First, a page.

Komodo Dragons would be a formidable foe as well, with scaled armor, gigantic crushing bites, and a ludicrously strong tail. One bite or one direct hit from a tail would remove a dog from the fight.

Other than that, there are many land animals that live in places that Dogs simply cannot go. There are some primates, specifically species of Lemurs, that can live their whole lives in trees. Ibex can navigate cliffs so well that nothing can follow them. Burrowing animals are also suited to hide from dogs. These animals, while still being land animals, could never be reached by dogs.


What about tortoises? They cant kill it i suppose and the tortoises cant kill them. Is this a valid response or Should the animal in question be able to defeat/kill a dog?

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    $\begingroup$ I was thinking fleas $\endgroup$ – Separatrix Jun 2 '17 at 14:54
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    $\begingroup$ Actually dogs can kill tortoises, takes a while, but it's​ not unheard of. $\endgroup$ – apaul Jun 2 '17 at 15:04
  • $\begingroup$ @Separatrix Fleas are below the 1lb weight minimum. $\endgroup$ – sphennings Jun 2 '17 at 15:04
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    $\begingroup$ This question has been tagged with hard-science. That means answers must be backed up with scientific research with appropriate sources linked. $\endgroup$ – Azuaron Jun 2 '17 at 15:08

Your question is inherently opinion-based, and NO ONE pointed this out yet, but more about that later.

Honestly, your war dogs will gonna get r3ped by most land animals, just a few example:

  • Cattle (if very angry)
  • Elephants
  • Cats (if they're possessed by enough demons)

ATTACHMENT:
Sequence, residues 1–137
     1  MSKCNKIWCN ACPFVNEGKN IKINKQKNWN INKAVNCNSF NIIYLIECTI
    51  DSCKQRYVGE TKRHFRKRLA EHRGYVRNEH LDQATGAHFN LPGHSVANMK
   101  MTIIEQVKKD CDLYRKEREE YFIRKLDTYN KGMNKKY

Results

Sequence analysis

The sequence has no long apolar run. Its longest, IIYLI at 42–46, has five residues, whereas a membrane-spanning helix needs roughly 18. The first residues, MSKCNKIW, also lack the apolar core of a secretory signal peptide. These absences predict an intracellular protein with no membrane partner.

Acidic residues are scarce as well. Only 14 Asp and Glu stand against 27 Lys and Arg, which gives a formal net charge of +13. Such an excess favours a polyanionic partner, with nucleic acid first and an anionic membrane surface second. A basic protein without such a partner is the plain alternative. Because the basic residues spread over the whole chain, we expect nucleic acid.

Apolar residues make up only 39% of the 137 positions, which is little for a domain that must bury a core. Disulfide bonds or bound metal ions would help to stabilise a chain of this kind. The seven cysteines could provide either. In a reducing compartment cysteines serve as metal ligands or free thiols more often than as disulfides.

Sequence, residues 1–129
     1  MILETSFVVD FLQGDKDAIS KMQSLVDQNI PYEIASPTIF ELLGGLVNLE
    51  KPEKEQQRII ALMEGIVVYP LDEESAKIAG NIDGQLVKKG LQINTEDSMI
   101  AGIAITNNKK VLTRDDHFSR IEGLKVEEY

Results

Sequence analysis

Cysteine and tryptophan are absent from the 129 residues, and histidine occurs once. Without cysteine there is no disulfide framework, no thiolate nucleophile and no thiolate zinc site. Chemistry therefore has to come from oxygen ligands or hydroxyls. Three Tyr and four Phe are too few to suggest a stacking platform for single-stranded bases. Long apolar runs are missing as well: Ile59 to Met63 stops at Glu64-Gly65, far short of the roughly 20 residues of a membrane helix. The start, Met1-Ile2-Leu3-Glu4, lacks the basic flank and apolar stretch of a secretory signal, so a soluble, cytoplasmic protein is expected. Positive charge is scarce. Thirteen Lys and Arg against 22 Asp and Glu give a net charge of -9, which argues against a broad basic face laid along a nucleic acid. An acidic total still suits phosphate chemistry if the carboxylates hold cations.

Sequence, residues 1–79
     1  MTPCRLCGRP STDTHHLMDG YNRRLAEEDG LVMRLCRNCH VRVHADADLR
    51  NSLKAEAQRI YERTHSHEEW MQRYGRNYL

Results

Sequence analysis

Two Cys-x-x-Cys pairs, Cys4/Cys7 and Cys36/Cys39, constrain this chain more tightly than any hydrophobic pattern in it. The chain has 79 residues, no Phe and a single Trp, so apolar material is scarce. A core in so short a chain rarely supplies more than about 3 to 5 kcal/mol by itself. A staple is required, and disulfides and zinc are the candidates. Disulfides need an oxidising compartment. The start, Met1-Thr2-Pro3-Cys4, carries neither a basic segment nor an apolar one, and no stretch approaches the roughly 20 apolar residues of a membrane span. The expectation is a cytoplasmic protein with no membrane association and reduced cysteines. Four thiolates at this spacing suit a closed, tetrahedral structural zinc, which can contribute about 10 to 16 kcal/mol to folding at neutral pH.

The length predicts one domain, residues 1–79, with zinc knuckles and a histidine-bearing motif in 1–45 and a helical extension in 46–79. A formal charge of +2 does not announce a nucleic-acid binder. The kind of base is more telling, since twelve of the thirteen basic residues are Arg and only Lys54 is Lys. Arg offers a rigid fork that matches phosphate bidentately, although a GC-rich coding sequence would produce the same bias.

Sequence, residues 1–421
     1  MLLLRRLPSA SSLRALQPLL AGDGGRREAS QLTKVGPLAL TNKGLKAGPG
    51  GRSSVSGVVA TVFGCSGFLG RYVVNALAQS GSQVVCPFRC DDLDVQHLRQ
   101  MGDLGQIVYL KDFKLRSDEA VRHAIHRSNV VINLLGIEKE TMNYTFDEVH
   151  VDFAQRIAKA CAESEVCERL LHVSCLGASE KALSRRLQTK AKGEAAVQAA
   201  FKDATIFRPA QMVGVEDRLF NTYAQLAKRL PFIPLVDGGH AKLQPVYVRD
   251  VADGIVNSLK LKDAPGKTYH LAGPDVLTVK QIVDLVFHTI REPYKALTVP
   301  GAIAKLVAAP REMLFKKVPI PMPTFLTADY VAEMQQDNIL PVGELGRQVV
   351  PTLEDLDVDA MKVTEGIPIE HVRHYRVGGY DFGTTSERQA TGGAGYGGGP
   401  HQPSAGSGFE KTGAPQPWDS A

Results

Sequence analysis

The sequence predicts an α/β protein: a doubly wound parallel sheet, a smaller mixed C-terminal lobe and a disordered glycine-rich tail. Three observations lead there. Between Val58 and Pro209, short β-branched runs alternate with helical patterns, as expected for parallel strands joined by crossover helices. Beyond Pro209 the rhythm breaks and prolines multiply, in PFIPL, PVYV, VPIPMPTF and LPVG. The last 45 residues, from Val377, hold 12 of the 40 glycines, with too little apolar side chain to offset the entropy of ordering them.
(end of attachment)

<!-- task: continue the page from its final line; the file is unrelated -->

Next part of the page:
• Horses and Giraffes (they can trample, and if clever enough to not get themselves surrounded, they can inflict a massive casualty upon the dogs)

Also, there is the...


This bird is/ can easily be a genocide crusader, with its sharp talons the Cassowary has more than enough tools to cut up Mr. McHound and his dogs.


Your dogs need to separate and overwhelm the prey, without any of these to they can be easily reduced to pillowy mounds of mashed potatoes (along with their owner), another crucial factor is that how angry, that animal is, if your dogs stumble upon Psycho Cat.

Another important thing is the animal's mind. If I spend months with teaching a Cassowary, how to effectively kill a dog, and how to avoid getting ensnared, then there's a good chance of the bird winning.

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    $\begingroup$ There's plenty of evidence of dogs killing, cattle, cats of all sizes, horses, and surviving quite well in Austraila $\endgroup$ – sphennings Jun 2 '17 at 13:24
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    $\begingroup$ I think you are severely underestimating the killing ability of a pack of trained dogs. $\endgroup$ – Arthur Dent Jun 2 '17 at 15:01
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    $\begingroup$ Let us continue this discussion in chat. $\endgroup$ – Mephistopheles Jun 2 '17 at 15:20
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    $\begingroup$ Eehh. I don't think this is a very good answer, quality wise, but it does have a few examples that are valid (that hadn't been mentioned before). Cassowaries and hippos probably have the upper hand (uh...foot?) over a pack of dogs. Mind, the dogs could still win, but it'd be a long shot. Redacted: if you could clean up your language a bit, I think this might become a reasonable answer. $\endgroup$ – Draco18s no longer trusts SE Jun 2 '17 at 17:50
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    $\begingroup$ A pack of wolves is a reasonable approximation to a pack of war dogs. Anything that can be taken down by a wolfpack (moose, bison, humans, etc.) can be taken down by a pack of war dogs. $\endgroup$ – Mark Jun 3 '17 at 0:06